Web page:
PPE is the last line of defence you have. It's the last barrier between a person and the hazard. It might be the least effective control on the list, but it doesn't mean it's not important.

Where risk remains, PPE can be a good way of protecting individuals. It can give protection if the correct PPE is selected for the hazard, and is used and maintained correctly.

And just because PPE is last on the list, doesn't mean you should only use it when you can't use the other controls. You can (and should) use multiple controls.

worker wearing PPE

Multiple Controls

Don't make the mistake of thinking you can only pick one type of control. For complete protection and to reduce risk to a safe level, multiple controls are often required.

Control measures can work well together.

For example, in a paint spraying activity, you might substitute an oil-based paint for water-based paint (substitution). But you might still choose to carry out the work in an enclosure with fixed ventilation (engineering controls). You could also put in place work patterns to reduce time exposure to hazardous substances and a cleaning schedule (administrative controls). And provide workers with gloves, overalls and goggles to prevent skin and eye contact (PPE).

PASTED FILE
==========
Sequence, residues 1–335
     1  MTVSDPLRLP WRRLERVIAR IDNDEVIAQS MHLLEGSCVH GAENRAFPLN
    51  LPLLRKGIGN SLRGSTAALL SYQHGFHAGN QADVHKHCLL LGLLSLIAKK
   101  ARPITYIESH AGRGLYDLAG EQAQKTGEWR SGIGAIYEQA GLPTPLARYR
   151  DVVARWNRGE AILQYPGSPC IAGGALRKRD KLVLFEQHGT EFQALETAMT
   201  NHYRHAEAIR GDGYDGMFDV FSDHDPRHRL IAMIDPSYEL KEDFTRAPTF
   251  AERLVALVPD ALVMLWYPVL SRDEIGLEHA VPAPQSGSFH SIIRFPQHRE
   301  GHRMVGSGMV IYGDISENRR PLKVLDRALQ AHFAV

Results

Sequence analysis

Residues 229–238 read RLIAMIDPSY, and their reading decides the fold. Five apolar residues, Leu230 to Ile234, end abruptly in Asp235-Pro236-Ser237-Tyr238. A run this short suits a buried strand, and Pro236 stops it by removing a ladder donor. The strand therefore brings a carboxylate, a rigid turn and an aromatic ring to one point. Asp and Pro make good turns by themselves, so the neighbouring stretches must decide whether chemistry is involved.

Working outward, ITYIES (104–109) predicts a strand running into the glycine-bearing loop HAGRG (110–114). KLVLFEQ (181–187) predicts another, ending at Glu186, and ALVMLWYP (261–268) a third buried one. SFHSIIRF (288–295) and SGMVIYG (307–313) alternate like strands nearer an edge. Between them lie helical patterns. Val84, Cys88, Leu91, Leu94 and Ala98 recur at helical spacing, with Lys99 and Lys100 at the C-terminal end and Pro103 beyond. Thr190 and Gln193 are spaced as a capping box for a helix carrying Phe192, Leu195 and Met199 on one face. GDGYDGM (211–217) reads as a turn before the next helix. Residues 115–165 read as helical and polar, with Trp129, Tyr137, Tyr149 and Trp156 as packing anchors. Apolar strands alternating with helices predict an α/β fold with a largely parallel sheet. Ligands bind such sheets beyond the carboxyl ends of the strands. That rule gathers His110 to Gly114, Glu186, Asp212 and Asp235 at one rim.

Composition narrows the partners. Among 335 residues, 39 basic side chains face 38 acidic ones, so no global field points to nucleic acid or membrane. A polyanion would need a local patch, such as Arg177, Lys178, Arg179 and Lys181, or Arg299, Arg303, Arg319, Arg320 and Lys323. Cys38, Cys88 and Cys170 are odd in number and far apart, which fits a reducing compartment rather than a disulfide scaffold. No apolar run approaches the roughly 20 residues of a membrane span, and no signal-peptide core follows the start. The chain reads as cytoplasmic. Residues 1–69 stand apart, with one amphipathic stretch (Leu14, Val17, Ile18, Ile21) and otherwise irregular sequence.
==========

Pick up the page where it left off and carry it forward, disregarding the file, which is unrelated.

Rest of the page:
A combination of two or more controls from the hierarchy is often needed to adequately control the risk, particularly high risks, to a level that is 'reasonably practicable'. Remember, risks should be as low as is reasonably practicable before work goes ahead.

Even if you have substituted a high hazard for a low one, you still have a legal responsibility to reduce risk. And, just because PPE is last on the list, doesn't mean it can't be a good way to control risk, especially when used with other control measures. Sometimes, PPE can be vital to the safety of users, especially in emergencies or difficult work environments.

In addition to the hierarchy of controls, the Management of Health and Safety at Work Regulations contain the principles of prevention, which gives a legal outline for implementing preventative measures.

Find out more about risk assessment and the five steps to risk assessment with our online introduction to risk assessment elearning training course.

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This article was written by Emma at HASpod. Emma has over 10 years experience in health and safety and BSc (Hons) Construction Management. She is NEBOSH qualified and Tech IOSH.